Oopsie, what the hell happened here? The answer can be found by digging into the Temporary ASP.NET Files directory:
Let's have a look at the generated vs precompiled assemblies in ILDasm:
So what's the difference? Well, it happens that by default on-demand compilation and precompilation behave differently in the way the pages (page classes) are stitched together. In one case we have a quasi-random name, and in the other we have the class name as it was set in our Convert.aspx - Convert. And this rather obviously clashes with System.Convert (I have a certain talent on picking about the single problematic name).
Why is the Convert name retained? Look in Property Tabs for the deployment project:
By default "Allow this precompiled site to be updatable" is checked - which after all is very useful. But not in this specific case where my Convert class clashes with System.Convert...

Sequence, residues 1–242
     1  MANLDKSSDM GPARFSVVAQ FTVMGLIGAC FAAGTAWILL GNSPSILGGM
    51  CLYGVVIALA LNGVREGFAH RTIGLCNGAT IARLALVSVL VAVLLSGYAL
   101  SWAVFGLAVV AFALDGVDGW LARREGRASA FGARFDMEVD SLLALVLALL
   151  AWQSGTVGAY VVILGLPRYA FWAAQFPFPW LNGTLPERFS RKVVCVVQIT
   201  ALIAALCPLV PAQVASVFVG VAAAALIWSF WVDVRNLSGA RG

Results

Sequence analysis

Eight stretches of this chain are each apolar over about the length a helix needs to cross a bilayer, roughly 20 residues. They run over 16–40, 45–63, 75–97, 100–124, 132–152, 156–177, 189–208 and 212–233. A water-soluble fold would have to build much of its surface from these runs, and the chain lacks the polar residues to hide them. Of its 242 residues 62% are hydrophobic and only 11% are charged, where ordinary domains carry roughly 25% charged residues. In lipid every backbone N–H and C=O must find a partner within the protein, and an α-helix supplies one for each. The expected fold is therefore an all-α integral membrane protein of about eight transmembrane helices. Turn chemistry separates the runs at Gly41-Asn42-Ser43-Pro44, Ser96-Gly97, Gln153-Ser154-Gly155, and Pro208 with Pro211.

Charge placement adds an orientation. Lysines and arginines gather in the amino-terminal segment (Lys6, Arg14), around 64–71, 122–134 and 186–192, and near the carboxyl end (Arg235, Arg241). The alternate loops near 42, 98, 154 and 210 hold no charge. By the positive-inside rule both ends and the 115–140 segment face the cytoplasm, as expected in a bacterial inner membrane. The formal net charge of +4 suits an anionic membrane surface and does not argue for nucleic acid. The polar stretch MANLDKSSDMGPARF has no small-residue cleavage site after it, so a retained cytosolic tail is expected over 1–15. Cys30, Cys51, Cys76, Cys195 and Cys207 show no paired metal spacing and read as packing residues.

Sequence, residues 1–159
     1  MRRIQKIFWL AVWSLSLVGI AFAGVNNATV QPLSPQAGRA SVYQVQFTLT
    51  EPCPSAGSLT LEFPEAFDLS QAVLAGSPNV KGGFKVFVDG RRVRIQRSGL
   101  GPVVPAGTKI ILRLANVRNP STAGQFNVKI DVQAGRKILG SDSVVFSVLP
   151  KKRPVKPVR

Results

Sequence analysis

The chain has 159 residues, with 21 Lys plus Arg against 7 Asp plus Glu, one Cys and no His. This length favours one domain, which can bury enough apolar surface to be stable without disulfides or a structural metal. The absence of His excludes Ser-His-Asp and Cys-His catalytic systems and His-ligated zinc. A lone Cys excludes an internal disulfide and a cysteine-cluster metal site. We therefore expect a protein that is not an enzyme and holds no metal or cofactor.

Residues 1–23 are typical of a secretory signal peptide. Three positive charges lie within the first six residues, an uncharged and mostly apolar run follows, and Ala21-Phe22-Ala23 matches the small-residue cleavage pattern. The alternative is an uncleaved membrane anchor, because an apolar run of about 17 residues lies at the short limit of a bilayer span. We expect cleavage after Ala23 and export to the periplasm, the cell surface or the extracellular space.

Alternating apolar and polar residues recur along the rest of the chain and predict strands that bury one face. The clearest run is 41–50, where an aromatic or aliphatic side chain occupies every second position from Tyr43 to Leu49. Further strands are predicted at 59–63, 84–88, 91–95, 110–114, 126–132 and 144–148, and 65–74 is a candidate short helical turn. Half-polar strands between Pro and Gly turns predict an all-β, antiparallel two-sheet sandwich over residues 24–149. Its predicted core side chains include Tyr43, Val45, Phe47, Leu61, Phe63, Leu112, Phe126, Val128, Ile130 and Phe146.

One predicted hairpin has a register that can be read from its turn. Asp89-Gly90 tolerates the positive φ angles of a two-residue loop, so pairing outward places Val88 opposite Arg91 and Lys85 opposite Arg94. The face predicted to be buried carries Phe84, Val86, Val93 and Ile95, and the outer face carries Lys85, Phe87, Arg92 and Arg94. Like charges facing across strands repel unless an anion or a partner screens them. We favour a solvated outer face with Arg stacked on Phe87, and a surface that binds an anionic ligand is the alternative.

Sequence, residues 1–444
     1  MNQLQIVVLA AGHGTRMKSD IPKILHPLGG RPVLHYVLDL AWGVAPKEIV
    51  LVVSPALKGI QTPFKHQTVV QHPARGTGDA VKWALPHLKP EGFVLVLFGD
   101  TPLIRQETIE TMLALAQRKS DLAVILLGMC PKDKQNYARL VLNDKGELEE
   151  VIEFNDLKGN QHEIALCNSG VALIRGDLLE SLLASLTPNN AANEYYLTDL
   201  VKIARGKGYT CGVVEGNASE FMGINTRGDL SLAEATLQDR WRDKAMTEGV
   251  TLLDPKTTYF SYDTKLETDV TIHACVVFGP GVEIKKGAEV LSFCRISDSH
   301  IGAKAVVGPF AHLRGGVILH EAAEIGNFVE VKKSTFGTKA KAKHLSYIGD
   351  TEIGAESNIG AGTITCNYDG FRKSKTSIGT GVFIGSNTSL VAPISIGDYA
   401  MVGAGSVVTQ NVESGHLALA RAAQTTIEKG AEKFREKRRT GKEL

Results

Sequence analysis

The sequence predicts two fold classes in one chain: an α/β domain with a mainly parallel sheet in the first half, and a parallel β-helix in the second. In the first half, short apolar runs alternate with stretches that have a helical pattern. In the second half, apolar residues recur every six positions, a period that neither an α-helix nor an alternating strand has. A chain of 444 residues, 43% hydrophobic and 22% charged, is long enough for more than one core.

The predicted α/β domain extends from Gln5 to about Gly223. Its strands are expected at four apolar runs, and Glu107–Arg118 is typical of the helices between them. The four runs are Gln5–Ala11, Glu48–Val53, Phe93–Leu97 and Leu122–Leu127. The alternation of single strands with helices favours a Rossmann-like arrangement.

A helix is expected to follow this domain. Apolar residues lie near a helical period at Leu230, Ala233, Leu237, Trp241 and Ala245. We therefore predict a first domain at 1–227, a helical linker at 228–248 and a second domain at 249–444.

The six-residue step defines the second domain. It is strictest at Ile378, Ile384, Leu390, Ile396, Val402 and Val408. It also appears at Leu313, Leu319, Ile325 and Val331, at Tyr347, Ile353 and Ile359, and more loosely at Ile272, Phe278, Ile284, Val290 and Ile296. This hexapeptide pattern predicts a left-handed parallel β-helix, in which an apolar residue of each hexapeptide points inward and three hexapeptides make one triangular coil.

In my blog entry Crashing Visual Studio 2005 for Fun I described how to crash Visual Studio 2005. Scott Guthrie followed up, and since then I was in permanent contact with team members. After some research, it turned out that it (a) was seemingly reproducible only on my machine, and (b) likely a tooltip issue.
What is going? Well, my machine is equipped with a Matrox P750 and has three monitors attached, spanning a single 3840x1024 "display". This strechted single display is managed by Matrox PowerDesk-HF, and it comes with a couple of desktop settings to make applications play nice on three physical monitors. One of those options is "Prevent tooltip spanning in strechted mode":
What does this option do? Imagine that I have an application full screen on the middle monitor - without that option turned on, tooltips "overflow" to the monitor to the right (you only see the background image in this screenshot, but that is the 3rd monitor):